Explaining how communities can be lighthouses for parents during life’s storms is an evidence-based communication tool
Changing the conversation about parenting
The Reframing Parenting project is an important national effort to help children. It’s doing this by helping people to talk and think in more productive ways about parenting. And it’s based on research involving more than 7500 Australians.
There is much evidence available about what children need to develop well. But this major project has found that the way we communicate this information to parents is ineffective.
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What the public thinks
This is because the way we communicate does not take into account the culture around parenting in Australia. This culture includes dominant views about parenting as something that comes naturally, as an individual pursuit, as a one-way thing done to children and as something determined by the way a person’s own parents acted.
This thinking makes it hard for people to accept there are things we can do to improve parenting. It also means they are less likely to seek help when they need it. And they are more likely to feel judged when they don’t ‘measure up’.
What the evidence says
Evidence, though, tells us there is much we can do. We know that parenting involves a set of skills that can be learned. Also, we know there is much that societies can do to improve parenting – through the policies they design for children and families, the way they deliver services and the investments they make in parenting support.
So, if we want to get that message across and do the best we can to help children, we need to communicate with parents in ways that work.
What we learned
We commissioned the FrameWorks Institute to conduct a major piece of research around how to communicate the evidence around parenting and how to help Australians think strategically about the benefits of investing in parenting support.
This work, built on five years of child development research, found that we need a new story or ‘master narrative’ that involves talking about parenting in terms of child development rather than parents being effective. This “switches on” rich and productive ways of thinking about parenting.
What reframing parenting means in practice
To reframe how we talk about parenting means beginning our communications with what children need to develop well, rather than what parents should do to be effective. It also means we must stop highlighting how hard parenting is, because that gets people stuck on problems rather than solutions. The research also shows a way forward on how to use metaphor to help explain that the external environment shapes parenting. It shows that describing the parenting experience using a navigating waters metaphor really resonates with the Australian public.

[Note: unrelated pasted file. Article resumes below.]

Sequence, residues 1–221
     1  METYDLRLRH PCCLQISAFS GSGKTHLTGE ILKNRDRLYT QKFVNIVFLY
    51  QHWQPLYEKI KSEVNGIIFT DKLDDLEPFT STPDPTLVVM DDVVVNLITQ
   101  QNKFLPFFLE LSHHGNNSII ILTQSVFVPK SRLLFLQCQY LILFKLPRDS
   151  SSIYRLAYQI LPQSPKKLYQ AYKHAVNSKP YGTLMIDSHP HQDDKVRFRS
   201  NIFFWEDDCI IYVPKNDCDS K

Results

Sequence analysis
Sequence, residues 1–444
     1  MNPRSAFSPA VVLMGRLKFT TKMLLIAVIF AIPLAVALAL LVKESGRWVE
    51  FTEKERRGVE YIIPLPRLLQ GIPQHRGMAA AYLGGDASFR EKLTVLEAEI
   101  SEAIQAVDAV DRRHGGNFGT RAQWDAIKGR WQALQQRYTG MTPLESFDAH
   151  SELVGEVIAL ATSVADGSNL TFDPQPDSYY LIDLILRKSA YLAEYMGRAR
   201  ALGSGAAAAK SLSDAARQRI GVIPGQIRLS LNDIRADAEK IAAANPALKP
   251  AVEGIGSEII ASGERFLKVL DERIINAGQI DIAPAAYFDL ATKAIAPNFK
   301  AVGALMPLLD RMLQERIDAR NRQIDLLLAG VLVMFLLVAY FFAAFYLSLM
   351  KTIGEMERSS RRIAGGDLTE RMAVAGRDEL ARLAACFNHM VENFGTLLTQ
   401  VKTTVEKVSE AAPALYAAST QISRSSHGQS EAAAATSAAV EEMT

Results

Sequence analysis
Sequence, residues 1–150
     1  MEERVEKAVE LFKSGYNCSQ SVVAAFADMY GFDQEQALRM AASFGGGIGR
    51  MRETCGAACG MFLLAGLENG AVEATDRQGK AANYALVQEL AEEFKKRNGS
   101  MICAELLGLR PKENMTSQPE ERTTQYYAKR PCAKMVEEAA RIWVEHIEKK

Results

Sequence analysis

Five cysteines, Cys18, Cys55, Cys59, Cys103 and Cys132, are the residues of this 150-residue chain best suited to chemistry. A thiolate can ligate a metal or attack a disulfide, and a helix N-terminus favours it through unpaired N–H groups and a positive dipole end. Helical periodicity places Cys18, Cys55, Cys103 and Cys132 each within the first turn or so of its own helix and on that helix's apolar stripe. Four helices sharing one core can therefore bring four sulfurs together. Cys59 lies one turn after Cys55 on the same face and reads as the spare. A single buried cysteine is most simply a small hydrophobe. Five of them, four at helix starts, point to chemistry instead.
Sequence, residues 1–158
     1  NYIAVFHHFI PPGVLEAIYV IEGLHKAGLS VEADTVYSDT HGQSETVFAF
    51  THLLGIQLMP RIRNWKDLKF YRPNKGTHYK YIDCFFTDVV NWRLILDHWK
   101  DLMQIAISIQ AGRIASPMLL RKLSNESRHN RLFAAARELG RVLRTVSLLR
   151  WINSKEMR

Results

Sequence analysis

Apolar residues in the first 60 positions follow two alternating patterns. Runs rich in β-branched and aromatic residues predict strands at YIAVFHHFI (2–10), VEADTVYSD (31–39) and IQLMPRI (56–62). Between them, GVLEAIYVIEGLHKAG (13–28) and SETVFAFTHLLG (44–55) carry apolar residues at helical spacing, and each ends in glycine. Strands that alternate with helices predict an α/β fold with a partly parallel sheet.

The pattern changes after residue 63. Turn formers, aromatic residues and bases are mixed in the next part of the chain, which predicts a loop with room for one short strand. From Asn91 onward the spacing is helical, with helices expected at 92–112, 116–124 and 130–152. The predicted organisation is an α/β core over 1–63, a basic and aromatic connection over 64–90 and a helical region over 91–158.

Watch the webinar on reframing parenting
Our Director of Policy and Practice Annette Michaux covers the main points from the research in this ARACY webinar.
Who is involved?
The Australian Government Department of Social Services, the Department of Education and Training Victoria, the NSW Government Department of Family and Community Services and The Benevolent Society have all committed funds to this research.
The Department of Social Services is now funding us to work with other organisations to implement the research findings. Many organisations are embracing this work, such as the Every Child campaign and NAPCAN, the National Association for the Prevention of Child Abuse and Neglect and the Australian Institute of Family Studies.
Use our tools
- Use the Communications Toolkit to start reframing
- Use our poster resource in your work
- Read the research report
- View the presentation delivered at our Sydney and Melbourne Reframing Summits held in 2018
- Read the original Perceptions of Parenting report that maps the gaps in undertanding about parenting in Australia
- Read our summary article on the project published by the Australian Institute of Family Studies
Get in touch
- Contact us to discuss possibilities around reframing parenting